This, for its time, mechanical marvel has a grey LCD screen with black letters; there is a greenish backlight that can be turned on, but it eats battery power. The keys are oval and rubbery (the key marked "2nd" has many functions!) and small, but placed some distance apart so the chance of accidentally pressing two keys at the same time is reduced. Memo, the only application I use since all (sub-)notebooks are first and foremost typewriters-with-memory to me, will allow texts of only limited size, so for long notes I end up with an entry "XXX pt 1", an entry "XXX pt 2" andsoforth. Saving while working is not an option since an entry can't be saved until it is closed. The Sharp's internal clock can be used to set an alarm to go off at a certain time. I used this once as an emergency alarm clock to wake me at some unholy hour, but can't remember whether I had to keep the organizer on all night for this or whether it switched itself on at 04:30.

Sadly, I so damaged it that I feared for its life! The size of a large spectacle case, the Sharp may just fit in a big deep pocket, and fitted perfectly in the side pocket of a now-retired rucksack, where it was once so battered by train doors that one of the flanges that stop the lid from being bent too far back broke off, and the screen developed vertical "lines": no doubt due to electronic contacts being damaged, whole lines of pixels would blank out, leaving a "t" looking like an "l" and an "n" like an "r". These lines appeared and disappeared as I put light pressure on various parts of the case. It seems that hardware has slight healing capacities, as I've found that simply leaving it alone for a while can cure it, and the lines have all but disappeared, a sole line sometimes showing up when the little machine is under stress. Almost all animecon write-ups and most private letters were composed on this machine, which is rarely used, just sitting in my bag in case of emergencies, now that I have a bigger and badder toy: the eee PC.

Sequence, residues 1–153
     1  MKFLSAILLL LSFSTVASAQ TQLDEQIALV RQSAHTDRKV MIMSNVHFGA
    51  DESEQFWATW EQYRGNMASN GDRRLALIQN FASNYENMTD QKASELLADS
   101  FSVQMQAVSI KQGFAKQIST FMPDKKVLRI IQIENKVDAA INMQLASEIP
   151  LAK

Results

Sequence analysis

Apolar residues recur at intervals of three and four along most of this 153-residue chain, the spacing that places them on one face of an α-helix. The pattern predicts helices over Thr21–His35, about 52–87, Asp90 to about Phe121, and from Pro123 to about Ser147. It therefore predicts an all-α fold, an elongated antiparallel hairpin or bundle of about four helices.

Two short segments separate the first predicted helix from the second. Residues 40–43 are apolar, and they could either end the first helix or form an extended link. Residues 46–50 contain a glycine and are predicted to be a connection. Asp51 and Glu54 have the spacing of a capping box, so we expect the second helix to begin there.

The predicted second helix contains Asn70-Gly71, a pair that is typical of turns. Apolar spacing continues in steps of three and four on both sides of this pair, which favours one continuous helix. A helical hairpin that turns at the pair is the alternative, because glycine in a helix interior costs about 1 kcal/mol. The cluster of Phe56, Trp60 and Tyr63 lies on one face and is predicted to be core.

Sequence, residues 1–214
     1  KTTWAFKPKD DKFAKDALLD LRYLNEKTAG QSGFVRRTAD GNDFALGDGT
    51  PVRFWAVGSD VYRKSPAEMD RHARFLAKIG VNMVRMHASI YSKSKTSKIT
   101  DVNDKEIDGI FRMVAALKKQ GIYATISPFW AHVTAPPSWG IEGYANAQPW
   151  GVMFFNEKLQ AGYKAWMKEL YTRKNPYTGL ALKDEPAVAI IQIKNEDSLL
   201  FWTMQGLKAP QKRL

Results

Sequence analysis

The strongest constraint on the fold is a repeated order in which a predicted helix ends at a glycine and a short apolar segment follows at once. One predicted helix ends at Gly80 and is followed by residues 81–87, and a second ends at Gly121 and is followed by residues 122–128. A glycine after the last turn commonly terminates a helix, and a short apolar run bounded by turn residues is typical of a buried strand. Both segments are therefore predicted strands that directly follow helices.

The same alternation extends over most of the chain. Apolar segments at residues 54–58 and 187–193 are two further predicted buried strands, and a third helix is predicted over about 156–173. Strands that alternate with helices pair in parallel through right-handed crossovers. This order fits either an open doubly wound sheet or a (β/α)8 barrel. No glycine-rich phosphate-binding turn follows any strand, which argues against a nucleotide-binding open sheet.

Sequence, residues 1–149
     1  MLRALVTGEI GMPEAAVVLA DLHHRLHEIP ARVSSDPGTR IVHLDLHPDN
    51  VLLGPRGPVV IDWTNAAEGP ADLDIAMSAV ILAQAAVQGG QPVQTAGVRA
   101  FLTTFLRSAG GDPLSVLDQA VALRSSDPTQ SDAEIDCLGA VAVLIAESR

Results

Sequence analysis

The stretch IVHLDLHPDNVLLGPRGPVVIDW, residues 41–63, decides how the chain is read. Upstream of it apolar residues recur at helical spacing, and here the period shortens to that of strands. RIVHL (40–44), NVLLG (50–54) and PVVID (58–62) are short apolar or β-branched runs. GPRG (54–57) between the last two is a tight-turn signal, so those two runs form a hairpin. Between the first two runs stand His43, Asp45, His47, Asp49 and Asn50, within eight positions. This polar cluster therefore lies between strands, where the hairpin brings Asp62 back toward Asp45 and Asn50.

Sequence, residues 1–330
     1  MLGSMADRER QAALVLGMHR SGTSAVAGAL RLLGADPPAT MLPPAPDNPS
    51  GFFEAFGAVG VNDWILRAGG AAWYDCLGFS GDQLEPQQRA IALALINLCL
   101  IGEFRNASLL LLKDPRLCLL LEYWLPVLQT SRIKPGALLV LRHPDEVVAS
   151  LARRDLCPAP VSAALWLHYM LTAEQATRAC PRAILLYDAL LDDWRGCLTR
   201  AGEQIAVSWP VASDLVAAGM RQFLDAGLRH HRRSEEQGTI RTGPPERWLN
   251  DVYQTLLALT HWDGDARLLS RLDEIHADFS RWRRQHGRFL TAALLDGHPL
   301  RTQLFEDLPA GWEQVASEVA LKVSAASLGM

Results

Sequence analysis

Asus eee PC 701
Comment: Love the hardware, hate the software

When I read its first review, I knew this was one gadget that could make itself very useful. It had 512MB of RAM which is as much as an older "big" laptop, a small cramped screen which is all one can expect from a "pocket" computer, and, sad but unavoidable to keep the price low, a Solid State Disk (good) of 2, 4 or at most 8 GB (bad!) and although the processor was Intel (boo hiss), the OS was Linux, and how often does one find laptops, of the successful and widely selling kind, with Linux installed by default? Besides, where up to now the mini-notebooks had been horribly expensive compared to the standard models, this notebook, which admittedly is not for hardware gamers but would very comfortably run Windows 95 if that OS had the right drivers, was something like 300 euro, one-third of the price of a high-end laptop, and just under the price of a low-end one. It was really its cheapness that guaranteed its success. By the end of the hype, when it was clear that this gadget just wasn't going to get any cheaper, I bought the last 701 in a shop which was beginning to switch to the better equipped but larger 900 model. If I'd waited longer I would have found one at a lower price, but since I did something bad to my main laptop shortly after, I was glad to have bought it when I did.